Monday, 30th October 2017

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Singh shoots down Maoist poverty excuse

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By OUR SPECIAL CORRESPONDENT
  • Published 23.10.10
  •  

New Delhi, Oct. 22: Poverty cannot be used as an excuse to challenge the authority of the country, Prime Minister Manmohan Singh said here today as he once again described the Maoists as the biggest security threat to India.

Singh was speaking at the concluding session of a two-day seminar on “The role of force in strategic affairs” to mark the golden jubilee of the National Defence College.

He admitted that many regions of the country were poor and said the Maoists were using this to increase their influence.

“Naxalism and Left-wing extremism pose the greatest threat to our national security. We recognise that there is a development deficit in parts of the country. But we should be equally clear that the state cannot and will not allow its authority to be challenged,” he said.

Singh’s remarks, made before an audience that included the King of Bhutan and senior military officers from India and abroad, reaffirm the government’s carrot-and-stick Maoist policy.

The Maoists claim to represent tribals and the poor and have been calling for an overthrow of the political and economic system by which the country is run.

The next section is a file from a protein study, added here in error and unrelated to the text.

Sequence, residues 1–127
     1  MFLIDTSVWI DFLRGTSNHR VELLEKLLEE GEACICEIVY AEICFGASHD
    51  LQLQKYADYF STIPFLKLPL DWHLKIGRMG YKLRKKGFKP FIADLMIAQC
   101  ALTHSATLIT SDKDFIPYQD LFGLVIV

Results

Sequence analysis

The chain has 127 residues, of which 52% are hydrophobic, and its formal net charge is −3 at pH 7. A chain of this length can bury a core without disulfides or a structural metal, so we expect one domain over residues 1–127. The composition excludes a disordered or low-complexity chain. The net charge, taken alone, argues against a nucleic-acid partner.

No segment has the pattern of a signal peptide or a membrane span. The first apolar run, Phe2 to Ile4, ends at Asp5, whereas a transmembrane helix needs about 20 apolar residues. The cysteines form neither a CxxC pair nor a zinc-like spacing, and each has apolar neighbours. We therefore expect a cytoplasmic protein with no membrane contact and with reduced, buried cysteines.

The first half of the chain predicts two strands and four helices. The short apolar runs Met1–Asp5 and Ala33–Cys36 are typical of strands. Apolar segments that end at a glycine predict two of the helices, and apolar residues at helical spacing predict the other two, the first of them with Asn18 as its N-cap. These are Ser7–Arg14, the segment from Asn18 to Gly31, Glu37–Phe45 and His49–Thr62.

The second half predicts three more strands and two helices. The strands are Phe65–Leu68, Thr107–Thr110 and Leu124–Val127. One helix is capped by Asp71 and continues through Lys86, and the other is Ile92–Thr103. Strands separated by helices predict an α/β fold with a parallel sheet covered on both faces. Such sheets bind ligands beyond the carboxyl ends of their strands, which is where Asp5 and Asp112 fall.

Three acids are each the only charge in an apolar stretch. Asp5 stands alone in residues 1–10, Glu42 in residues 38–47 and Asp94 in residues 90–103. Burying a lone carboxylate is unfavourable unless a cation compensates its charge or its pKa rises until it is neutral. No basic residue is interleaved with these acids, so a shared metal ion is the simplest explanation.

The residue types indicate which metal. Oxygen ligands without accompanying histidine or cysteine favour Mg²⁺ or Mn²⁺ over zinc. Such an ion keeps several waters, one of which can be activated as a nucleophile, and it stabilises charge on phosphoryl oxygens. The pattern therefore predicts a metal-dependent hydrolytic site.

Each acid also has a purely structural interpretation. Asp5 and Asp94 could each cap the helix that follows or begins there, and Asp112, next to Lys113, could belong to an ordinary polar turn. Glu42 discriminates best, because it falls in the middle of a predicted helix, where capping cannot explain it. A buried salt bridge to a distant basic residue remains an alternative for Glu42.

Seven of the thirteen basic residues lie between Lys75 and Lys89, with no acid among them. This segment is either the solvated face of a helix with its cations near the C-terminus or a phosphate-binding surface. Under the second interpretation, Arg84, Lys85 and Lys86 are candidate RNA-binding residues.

While acknowledging the “development deficit in parts of the country”, Singh today effectively endorsed the Union home ministry-led offensive against the Maoists that has unofficially come to be known as “Operation Green Hunt”.

“We have to bring all our resources to bear on tackling mass poverty in the country. But we also have to use our scarce resources efficiently and give due emphasis to conservation and the environment. This is an area of potential conflict,” he said.

He asked India’s armed forces “to modernise defence doctrines to respond to new and non-traditional threats to our security”.

Among these threats are terrorism and challenges from non-state actors and groups, the Prime Minister indicated.

Singh said military power was one of the elements of national security, which included development and economic growth as well as internal stability. He said: “The internal and external aspects of security are getting increasingly interlinked.”

Defence minister A.K. Antony said India was constantly threatened by neighbouring countries but did not name Pakistan or China or any other nation.

“Our relations with many of our neighbouring countries are dictated by compulsions of history. However, some nations are always on the lookout to provoke and encourage threats to our security and national integrity,” Antony said.

“Still, India has always desired and worked for peaceful relations with all nations and our neighbours.”

Antony said the danger of nuclear proliferation was now more real than in the past.

“Today, not just India but the international community faces the dangerous possibility of nuclear materials and technologies falling into (the) wrong hands. In such a scenario, autonomy in decision-making, in strategic affairs and in the developmental process is an inalienable right of the Indian people”, he said.

The defence minister said India was evolving systems to secure its computer networks.

“The next generation of threats will undoubtedly emerge out of cyber security. We need to make our cyber systems as secure and as non-porous as possible,” he added.